Mugs - Yes you can use an old coffee mug, I use to and my son currently does. But you can get fancy with them as well. You can get the dual layer ones that allow you to fill the bottom with hot water to warm up the soap, has drains for the soap, places to hold the brush etc etc. There are also simple shaving bowls made from any material from wood to marble.
After Shave - Pretty much the same answer as the Shaving Soap. Just try to stay away from those that have alcohol in them. It dries out your face at a time when you want to moisturize it. Like the shaving soap, there are tons of choices out there once you find the places that deal with them. If you really really want that smell of your traditional aftershave that has alcohol in it, then just splash some on somewhere you haven't shaved after you've used a proper lotion or balm. Yes I keep a bottle of Old Spice around.
Styptic Pencil - You can go as far as getting a full alum block. Basically it will do the same thing as the little stick but can also be used as a form of aftershave and rub the block across the whole face. While you're at it, you should keep a little tube of Neosporin or Polysporin around to heal up nicks and cuts quickly. The styptic pencil or alum only stops the bleeding, it doesn't speed the healing.
Shower Mirror - You can get cheap ones and expensive ones. I have a cheap one from the department store that works fine. Sure it fogs up at the beginning, I just splash some water on it and it's all clear. There are some models that hook right up to the shower head so that water runs to the back of the mirror to keep it the same temperature as the water so it doesn't fog up. YMMV
Razor / Brush / Etc Stand - Yep, you can just place your stuff in the cabinet or you can get a nice gold stand to hang everything out in plain site. I made a simple hanging rack out of some plastic and stuck it to the side of my medicine cabinet.
There's more, you'll find them.
Part VIII: Web Sites (June 2006)
Badger & Blade - http://www.badgerandblade.com/
ShaveMyFace.com - http://www.shavemyface.com/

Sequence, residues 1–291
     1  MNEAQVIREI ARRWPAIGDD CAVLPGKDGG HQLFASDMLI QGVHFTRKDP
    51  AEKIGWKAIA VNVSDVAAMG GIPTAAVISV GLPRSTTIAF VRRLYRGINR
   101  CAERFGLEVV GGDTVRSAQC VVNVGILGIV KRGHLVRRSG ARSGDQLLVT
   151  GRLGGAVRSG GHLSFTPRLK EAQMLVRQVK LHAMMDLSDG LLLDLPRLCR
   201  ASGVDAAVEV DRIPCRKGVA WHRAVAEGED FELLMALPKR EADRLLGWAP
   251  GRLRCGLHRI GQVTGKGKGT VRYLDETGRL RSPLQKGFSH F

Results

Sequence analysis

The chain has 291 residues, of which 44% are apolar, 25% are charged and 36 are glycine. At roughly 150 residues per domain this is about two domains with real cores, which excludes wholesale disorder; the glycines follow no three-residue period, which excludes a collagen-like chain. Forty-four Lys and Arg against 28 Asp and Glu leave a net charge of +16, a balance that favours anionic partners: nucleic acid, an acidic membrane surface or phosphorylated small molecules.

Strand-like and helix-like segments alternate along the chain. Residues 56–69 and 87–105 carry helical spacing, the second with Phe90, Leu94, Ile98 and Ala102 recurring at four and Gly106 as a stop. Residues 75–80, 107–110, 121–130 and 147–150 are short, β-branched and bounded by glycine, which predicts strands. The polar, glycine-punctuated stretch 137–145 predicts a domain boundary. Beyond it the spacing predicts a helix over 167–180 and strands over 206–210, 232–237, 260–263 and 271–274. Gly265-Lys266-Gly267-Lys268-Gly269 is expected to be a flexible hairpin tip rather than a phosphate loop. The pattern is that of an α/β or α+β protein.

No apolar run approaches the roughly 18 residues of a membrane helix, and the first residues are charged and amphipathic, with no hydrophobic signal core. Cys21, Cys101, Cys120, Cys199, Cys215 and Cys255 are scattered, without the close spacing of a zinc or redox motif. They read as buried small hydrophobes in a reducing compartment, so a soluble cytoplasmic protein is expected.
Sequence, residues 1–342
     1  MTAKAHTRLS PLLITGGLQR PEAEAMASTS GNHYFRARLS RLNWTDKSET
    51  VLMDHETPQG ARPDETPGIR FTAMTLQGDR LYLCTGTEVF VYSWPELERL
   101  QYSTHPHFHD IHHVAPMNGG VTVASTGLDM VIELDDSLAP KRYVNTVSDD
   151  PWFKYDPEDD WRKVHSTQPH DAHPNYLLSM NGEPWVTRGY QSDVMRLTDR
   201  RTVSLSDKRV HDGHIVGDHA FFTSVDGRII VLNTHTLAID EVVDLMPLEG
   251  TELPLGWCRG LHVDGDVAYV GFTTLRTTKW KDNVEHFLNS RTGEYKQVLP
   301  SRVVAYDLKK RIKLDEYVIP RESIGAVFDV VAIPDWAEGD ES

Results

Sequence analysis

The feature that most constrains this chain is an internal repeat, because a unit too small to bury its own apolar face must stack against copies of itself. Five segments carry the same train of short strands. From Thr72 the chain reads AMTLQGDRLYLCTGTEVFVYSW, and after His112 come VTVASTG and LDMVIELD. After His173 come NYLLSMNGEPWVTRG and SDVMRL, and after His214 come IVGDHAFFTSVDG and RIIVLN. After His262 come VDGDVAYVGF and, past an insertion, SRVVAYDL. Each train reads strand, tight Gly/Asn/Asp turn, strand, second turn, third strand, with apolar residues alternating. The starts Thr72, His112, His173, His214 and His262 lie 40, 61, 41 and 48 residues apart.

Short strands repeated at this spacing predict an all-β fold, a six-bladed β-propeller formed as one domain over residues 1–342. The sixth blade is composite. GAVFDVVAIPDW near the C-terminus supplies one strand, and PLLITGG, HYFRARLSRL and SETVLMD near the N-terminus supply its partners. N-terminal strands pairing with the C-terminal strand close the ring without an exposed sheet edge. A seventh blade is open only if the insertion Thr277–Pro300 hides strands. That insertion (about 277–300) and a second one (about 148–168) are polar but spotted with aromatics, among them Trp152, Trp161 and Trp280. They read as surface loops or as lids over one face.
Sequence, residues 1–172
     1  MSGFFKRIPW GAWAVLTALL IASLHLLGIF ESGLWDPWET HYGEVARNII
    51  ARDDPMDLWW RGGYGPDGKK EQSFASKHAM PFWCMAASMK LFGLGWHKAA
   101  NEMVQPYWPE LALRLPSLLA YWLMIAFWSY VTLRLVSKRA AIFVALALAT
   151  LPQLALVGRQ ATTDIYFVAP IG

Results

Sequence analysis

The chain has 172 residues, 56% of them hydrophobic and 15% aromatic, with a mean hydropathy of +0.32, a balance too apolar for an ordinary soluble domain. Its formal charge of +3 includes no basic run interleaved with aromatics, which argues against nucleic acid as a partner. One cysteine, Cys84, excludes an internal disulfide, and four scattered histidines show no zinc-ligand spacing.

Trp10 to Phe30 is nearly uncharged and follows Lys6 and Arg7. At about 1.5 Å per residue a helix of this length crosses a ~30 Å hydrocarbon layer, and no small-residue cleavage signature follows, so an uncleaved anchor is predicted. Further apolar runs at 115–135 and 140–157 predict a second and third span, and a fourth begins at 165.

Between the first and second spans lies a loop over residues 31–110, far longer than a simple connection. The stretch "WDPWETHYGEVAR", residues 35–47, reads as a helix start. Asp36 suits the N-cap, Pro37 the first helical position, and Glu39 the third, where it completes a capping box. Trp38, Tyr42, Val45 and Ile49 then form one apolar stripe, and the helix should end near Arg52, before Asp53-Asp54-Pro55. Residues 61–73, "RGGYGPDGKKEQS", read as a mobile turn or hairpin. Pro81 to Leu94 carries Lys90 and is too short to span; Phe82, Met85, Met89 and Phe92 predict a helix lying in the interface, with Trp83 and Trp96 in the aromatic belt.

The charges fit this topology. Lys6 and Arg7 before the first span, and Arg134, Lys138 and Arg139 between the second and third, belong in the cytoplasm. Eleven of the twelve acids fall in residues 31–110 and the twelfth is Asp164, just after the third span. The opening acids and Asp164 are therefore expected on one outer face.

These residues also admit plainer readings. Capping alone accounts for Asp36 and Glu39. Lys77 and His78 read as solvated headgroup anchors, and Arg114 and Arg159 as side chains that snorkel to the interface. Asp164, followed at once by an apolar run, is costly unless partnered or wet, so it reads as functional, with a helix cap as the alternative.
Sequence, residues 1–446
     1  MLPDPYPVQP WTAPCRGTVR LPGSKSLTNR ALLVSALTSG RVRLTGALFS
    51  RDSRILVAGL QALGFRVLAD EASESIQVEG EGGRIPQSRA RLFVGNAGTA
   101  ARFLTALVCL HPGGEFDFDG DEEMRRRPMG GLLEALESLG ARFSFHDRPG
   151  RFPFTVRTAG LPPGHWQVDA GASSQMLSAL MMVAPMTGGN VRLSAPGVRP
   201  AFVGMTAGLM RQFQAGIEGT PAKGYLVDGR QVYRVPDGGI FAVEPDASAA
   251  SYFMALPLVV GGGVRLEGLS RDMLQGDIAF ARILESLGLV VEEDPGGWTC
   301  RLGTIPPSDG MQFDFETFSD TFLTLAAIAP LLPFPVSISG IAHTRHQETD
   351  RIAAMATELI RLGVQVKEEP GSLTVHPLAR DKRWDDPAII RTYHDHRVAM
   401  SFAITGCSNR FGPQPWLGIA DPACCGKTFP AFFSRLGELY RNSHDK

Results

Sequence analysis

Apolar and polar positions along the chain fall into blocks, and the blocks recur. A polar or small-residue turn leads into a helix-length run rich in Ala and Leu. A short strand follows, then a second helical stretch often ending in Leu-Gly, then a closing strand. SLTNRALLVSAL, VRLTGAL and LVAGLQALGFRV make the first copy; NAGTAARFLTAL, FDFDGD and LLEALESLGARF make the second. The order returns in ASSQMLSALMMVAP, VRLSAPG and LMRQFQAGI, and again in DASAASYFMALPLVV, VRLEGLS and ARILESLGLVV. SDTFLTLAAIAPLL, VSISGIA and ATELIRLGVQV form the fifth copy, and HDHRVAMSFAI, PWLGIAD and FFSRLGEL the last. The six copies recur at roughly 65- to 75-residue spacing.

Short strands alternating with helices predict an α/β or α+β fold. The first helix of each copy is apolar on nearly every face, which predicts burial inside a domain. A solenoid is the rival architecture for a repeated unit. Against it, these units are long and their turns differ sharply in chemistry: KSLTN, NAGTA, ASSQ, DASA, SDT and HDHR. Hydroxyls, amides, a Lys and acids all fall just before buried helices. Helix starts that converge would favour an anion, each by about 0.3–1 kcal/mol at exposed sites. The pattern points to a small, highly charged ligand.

The Wet Shavers Group - http://groups.msn.com/thewetshaversgroup
Straight Razor Place - http://www.straightrazorplace.com
Where I keep the latest version of this document:
(In MS DOC format and a simple html page)
Part IX: Some Problems and Sometimes Solutions
Razor bumps, razor rash, irritation, razor burn.
Many of these problems can be taken care of by properly washing your face before shaving. Obviously some people's skin just isn't up to it, but often there's ways around it. In the end it's possible that no matter what you will not be able to use a razor for shaving. Maybe it will just take some practice, some time for your skin to get use to it. Maybe you'll just need to wait a while and try again later.
Keeping your shaving angle correct is also important to protect your face. Remember to only allow the weight of the razor to do the work of pressing against your face, don't push any harder. If you have an adjustable DE razor then dial it down for areas that are sensitive (or dial it up if you find that you're trying to press too hard). You may also have to try different methods of preparing you beard and face, you may not be able to get away with simply washing well and lathering up.
Experiment with different types of aftershaves and balms, sometimes it's a reaction to ingredients. And of course here I will contradict something I've been going on about during most of this manual; If you have problems with rashes using a balm or lotion style aftershave, try going a week using none at all to see if you can rule that out. And then there are those that actually react better to an alcohol based aftershave (but save trying that for last).
Ingrown hairs - I mentioned in the shaving diagrams about the commercials where they show the hair being cut below the surface of the skin. OK, that is obviously closer than close but it is not always desirable. This can easily lead to ingrown hairs and they can become infected and cause problems.
Part X: Epilogue
In the end using a Double Edge razor is not for everyone. But there's a good chance that everything else here can be used to you benefit. The parts about washing, using a brush and soap, the aftershave etc. Most people will find a benefit even if it's nothing other than knowing to shave while your skin is still warm and wet, or moving away from an alcohol based aftershave.
Much of what is written here can be applied to women shaving their legs as well. I'm sure you can figure out what parts need to be adapted to your own needs.
When it comes to the cost of using a DE, there's two ways of looking at it. If you stick to the basics you will find:
1. Blades are as cheap as 15 cents each vs. the cost of disposables or cartridges.
2. A cake of Williams soap is 99 cents which lasts a very long time vs. the cost of an aerosol foam or gel (and environmentally friendlier too).
Even with the high original cost of the razor I'm sure you can see that you'll be saving money in no time.
On the other hand <ha ha>
1. You might end up addicted to purchasing old razors and cleaning them up to make available to others (he types while whistling innocently)
2. You might start searching around for all the high end European balms and lotions and soaps and stuff (nope, can't accuse me of that one).
3. You might get brave and want to move up to straight razors and really spend some money and time (remember you just change a DE blade, you don't have to maintain it yourself).
Either way your smug level goes up a notch using a DE razor (You can blame a certain late night cartoon and a "not news" website for that phrase).
Where did you want to be today?